With snow on the ground, the snowshoes make terrific “pat down” equipment and after a few times walking is easy. So, until a new snow, I can just wear boots. Stay on the beaten path or find myself “post-holing” through deep snow.
The brilliance of a sunny day can be confusing, so after a fresh snowfall, I look for the burned stems of plants and the slight depression of past walks as guides. And, how the drifted snow reveals a different texture is fascinating.
Odd marks in the snow capture my attention. Little holes that appear from nowhere, then tiny tracks of a rodent, then another little hole where it dropped back in the security and relative warmth of the snow tunnels.
The fate of the incautious rodent is evident where tracks suddenly disappear with telltale feather strokes on the snow. Whoooo’s for lunch?
Walking the labyrinth in winter brings its own rewards.
What a tumultuous year!
Politics, weather extremes, human-created disasters, changes in work, working
through elder matters, untimely deaths. Wow. One could be overwhelmed and, using
an old New England phrase, think, “The world is going to H— in a Handbasket.”
Yet, when we shift the lens of our thinking and move into gratitude,
we begin to appreciate small pleasures and successes and help others move into
more positive places, so they contribute to gratitude and the healing of ourselves,
communities and the world.
So, here is a random selection from my 2018 Gratitude Jar.
Many gratitudes came from others helping me the many times Rich was East
helping his folks.
1-1 Walked the labyrinth two times and at the full moon in
1-19 Facebook Live we talked about catalogs and treats for
2-4 Working with Rich on Hoover Hatchery blog on chicken folklore.
3-25 We met a couple on Cedar Lake Train who feed birds and
4-27 Jenn helped me remember how to print PDF of Essential
5-8 Dinner with the Ogden/Muchmore.
5-24 A and D engaged!
6-25 Paige at Verizon helped with a discount.
6-27 Savannah helped again with household chores and sanding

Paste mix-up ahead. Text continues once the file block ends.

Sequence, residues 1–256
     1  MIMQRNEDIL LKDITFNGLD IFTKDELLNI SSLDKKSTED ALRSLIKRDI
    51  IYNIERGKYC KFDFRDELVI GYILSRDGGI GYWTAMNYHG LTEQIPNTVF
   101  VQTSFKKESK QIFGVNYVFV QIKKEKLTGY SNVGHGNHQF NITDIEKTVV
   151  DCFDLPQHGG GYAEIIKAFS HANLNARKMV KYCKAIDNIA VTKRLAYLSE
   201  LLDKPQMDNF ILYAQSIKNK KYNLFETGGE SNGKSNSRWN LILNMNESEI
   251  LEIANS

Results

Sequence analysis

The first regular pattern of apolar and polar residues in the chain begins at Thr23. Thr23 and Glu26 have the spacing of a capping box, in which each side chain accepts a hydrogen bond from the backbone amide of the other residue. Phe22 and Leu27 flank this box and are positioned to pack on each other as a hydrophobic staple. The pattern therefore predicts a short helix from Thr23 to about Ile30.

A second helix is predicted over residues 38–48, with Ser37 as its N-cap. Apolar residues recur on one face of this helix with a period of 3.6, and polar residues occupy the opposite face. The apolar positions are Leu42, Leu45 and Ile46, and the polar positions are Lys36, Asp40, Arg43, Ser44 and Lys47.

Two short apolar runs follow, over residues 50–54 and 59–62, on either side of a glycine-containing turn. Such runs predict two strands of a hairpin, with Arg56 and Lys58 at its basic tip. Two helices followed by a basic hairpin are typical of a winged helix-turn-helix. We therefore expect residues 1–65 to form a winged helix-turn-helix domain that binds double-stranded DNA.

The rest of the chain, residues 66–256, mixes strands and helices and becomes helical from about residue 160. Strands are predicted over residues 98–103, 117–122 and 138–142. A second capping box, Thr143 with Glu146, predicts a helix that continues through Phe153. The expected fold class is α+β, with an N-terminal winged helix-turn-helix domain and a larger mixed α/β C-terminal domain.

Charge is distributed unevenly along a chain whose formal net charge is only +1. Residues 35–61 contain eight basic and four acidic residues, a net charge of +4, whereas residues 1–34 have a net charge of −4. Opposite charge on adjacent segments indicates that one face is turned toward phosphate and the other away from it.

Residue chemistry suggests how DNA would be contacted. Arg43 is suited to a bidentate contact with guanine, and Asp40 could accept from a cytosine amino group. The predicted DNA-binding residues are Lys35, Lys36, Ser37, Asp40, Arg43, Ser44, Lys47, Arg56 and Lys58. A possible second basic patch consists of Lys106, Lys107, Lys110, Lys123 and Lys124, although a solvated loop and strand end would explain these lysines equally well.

the chairs. A really hot time and we did
7-2 Taught with Mary Pathways at KCC.
8-22 Judy S. talked with students for KPACE.
9-1 Edith and Tami at Illuminations labyrinth walk.
10-4 Ellen’s hospitality for Veriditas Council.
second week October travel to Nebraska and South Dakota and meeting the “real Deal”ranchers.
11-27 DJ at the photo shop made great postcards for Winding
12-7 Norma and I had a wonderful talk after class.
12-13 Helped Rachel at PCI.
12-26 Walked North End labyrinth in Denville.
I enjoyed this walk down memory lane as I browsed the gratitude
notes and remembered the positives of 2018.
What’s the benefit? We infuse ourselves with a large DOSE
of optimism and improve our health and that of those around us.
Dopamine, the “chemical of reward”, flows into us
when we have accomplished a task and been kind to others. For me, completing tasks I especially do not
want to do has always proved to be helpful. Then, I write these on the
gratitude papers and slip them into my jar!
It’s best when I do the task first. Then, it is off my mind and I am
really pleased. Good habit to develop.
Oxytocin, the bonding hormone that parents especially
feel toward children, is released by gentle and caring touch. My work with Reiki,
Healing Touch Spiritual Ministries and facilitating programs creates
connections and stronger bonds among us.
Serotonin the neurotransmitter that counters
depression is often stimulated by sunshine, thinking positively, and eating
foods high in tryptophan. Pineapple, eggs, cheese, Tofu, salmon, nuts and
seeds, and, of course, turkey!
Endorphins produced in the central nervous system
help regulate pain. They can help us push through a difficult physical task. Some
form of daily movement helps us be more cheerful. Walking the labyrinth daily since late 2018
has benefitted me. Grounding. Centering. Naming specific gratitudes as I walk.
Appreciating the changes in the Phoenix Harmony Labyrinth.
Online University has a great outlook on the neurotransmitters and hormones
that help lift us up. Then, we lift up others.
We create this better world most long for and which is badly needed.